Namibia becoming hotspot for hunters

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It's easy to figure out that Danie Strauss isn't from around here.

Danie Strauss, a professional hunter from Namibia, visited friends and clients in Augusta last week to discuss 2008 hunting and photographic safari prospects in his native country in Africa. Tourism is its fastest growing industry.  Special
Special
Danie Strauss, a professional hunter from Namibia, visited friends and clients in Augusta last week to discuss 2008 hunting and photographic safari prospects in his native country in Africa. Tourism is its fastest growing industry.

"The other day, leaving my driveway, I almost hit a cheetah -- and there were 26 warthogs on the side of the road," he said.

Strauss, a professional hunter from Namibia, visited Augusta last week to spend some time with friends and clients -- and to offer advice to Americans interested in planning their first safari.

Namibia, he said, includes some of Africa's most diverse and abundant wilderness, where hunters can pursue game such as kudu, oryx, eland, wildebeest and other antlered wildlife.

"We shoot animals that have lived their life, they are mature and they will make a quality trophy," he told local hunters during a meeting at the home of one of his Augusta clients, Robert Hagler. "We are also the only African country with minimum sizes."

As a "professional hunter," Strauss is mainly a guide and outfitter, and a past president of the Namibia Professional Hunting Association, which maintains standards for game conservation and harvest programs.

Unlike the U.S., where all game and fish are the property of the state, Namibian law holds that game is the property of the landowner.

Such rules, adopted 30 years ago, encourage more conservation programs because landowners have more of a stake in the surrounding wildlife, Strauss said.

Consequently, wildlife populations on private lands have increased more than 80 percent since 1967 and revenues from hunting and photographic safaris make up an ever-growing portion of Namibia's economy.

Strauss' 15,000-acre property is called Kowas Adventure Safaris.

Although game is abundant, it doesn't make hunting any simpler.

"It's real, it's wild and it's tough," he said. "Expect to walk a lot. You're going to work for your trophies."

Namibia, he said, is twice the size of Texas with a population of just 2 million people.

"It has one of the world's lowest densities. In a 14-day stay, you will not see a car or hear another person," he said. "You will see, easily, 150 animals per day."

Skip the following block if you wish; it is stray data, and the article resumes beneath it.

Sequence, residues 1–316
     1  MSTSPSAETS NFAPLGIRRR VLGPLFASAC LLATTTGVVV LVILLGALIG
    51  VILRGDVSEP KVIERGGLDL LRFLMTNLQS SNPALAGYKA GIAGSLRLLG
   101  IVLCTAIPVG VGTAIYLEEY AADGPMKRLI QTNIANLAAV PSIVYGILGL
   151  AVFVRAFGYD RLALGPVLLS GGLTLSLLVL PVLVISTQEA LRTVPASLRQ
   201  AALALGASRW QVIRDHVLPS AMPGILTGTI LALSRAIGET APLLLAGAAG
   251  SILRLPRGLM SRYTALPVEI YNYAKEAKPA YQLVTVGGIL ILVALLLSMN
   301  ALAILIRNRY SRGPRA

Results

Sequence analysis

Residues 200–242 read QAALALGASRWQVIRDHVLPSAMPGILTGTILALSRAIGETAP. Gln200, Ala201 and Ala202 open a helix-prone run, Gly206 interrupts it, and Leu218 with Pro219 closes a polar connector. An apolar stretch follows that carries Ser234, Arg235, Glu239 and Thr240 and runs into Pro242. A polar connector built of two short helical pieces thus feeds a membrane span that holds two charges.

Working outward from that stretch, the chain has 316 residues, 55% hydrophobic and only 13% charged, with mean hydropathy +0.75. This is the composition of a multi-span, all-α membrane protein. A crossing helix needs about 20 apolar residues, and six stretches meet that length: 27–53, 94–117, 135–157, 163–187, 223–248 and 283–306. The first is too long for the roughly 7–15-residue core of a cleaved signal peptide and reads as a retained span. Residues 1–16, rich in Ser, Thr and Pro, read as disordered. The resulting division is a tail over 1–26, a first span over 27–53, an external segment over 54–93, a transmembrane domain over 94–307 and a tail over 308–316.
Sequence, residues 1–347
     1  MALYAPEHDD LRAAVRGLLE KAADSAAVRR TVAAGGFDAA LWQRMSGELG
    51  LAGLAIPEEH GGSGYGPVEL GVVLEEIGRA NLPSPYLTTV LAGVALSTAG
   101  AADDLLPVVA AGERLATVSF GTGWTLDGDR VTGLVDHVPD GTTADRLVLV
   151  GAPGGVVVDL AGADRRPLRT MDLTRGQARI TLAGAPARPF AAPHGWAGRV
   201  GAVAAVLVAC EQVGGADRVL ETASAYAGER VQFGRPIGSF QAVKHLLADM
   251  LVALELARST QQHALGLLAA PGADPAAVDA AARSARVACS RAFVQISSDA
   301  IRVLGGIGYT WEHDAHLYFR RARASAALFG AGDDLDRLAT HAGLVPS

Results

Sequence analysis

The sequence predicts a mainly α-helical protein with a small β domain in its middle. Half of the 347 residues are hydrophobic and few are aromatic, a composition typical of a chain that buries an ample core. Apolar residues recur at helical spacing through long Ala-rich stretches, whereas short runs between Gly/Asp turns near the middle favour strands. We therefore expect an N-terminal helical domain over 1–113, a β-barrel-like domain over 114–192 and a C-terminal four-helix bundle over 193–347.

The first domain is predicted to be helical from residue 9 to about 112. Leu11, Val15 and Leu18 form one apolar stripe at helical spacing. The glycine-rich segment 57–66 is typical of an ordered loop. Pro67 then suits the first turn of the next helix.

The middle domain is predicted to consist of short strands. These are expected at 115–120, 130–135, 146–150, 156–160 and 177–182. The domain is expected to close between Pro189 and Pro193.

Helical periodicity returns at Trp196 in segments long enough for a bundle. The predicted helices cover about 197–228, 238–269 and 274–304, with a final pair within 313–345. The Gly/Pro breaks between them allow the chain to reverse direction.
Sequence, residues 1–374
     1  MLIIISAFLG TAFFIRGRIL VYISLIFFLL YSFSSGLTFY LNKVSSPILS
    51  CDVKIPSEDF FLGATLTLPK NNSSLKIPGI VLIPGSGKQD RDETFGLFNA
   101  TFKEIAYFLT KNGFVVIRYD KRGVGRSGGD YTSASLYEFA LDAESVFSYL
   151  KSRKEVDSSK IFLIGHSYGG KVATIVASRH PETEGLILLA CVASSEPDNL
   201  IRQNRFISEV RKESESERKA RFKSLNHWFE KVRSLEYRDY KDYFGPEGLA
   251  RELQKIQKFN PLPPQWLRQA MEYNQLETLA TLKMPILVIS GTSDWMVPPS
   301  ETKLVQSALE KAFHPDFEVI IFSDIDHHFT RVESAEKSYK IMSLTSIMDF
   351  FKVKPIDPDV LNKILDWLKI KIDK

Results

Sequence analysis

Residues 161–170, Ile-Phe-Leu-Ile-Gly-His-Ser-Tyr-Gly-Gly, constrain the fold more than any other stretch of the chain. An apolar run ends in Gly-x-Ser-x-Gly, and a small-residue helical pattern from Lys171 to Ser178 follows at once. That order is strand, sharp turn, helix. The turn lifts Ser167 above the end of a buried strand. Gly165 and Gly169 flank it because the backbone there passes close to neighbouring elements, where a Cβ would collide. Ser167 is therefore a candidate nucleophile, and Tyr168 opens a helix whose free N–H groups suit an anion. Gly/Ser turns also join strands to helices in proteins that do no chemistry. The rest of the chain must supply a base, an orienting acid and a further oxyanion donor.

There are about two-dozen species that can be hunted on a safari, ranging from antlered wildlife to zebras, cheetahs and ostrich. Visitors also have the opportunity to hunt upland birds that resemble pheasants as well as cast for tigerfish and other species.

Many visitors, Strauss said, also visit nearby Etosha National Park, home to 114 mammals and more than 350 bird species.

"There is a lot to do," he said.

Most hunting safaris cost at least $5,000, excluding airfare, and those costs can increase depending on the number and rarity of the species hunted. Taxidermy and shipping of trophies also can increase costs.

Although clients mainly hunt for trophy animals to mount, all meat is either eaten, sold or donated to charitable groups or local schools.

"Nothing goes to waste," Strauss said. Although Namibia has many industries -- including diamond mining -- tourism is the country's fastest growing industry, partly because of interest from American hunters.

"In 1994 we had 73 American visitors, and now we have about 2,400 every year," he said.

The biggest percentage of Namibia's hunting clients are Germans, but Americans are close behind and slowly closing the gap.

"It is almost equal now," he said. "My prediction is that this year or next year, America will become the biggest clientele."

More information on Strauss' Kowas Ranch and hunting opportunities in Namibia are available at www.huntinamibia.com.

Reach Rob Pavey at 868-1222, ext. 119 or rob.pavey@augustachronicle.com.

BEFORE YOU GO

Here are some tips for planning an African safari:

- Expect to hunt seven to 10 days and pre-select the species you want to hunt

- Center-fire rifles are mandatory and calibers of .270 or larger are recommended

- Prepare by practice shooting long distances with shooting sticks and other devices

- Budget extra funds to ship trophies home and pay for taxidermy

- Hunting seasons run from Feb. 1 to November, but the coolest weather is May through July

- Book flights before confirming hunt dates

- When shopping for airfare, compare costs of flying direct from the U.S. with other routes, such as changing planes in Europe

- Have a valid passport and check firearms all the way to the country of destination

- Select a certified outfitter and contact multiple references

Source: Kowas Adventure Safaris


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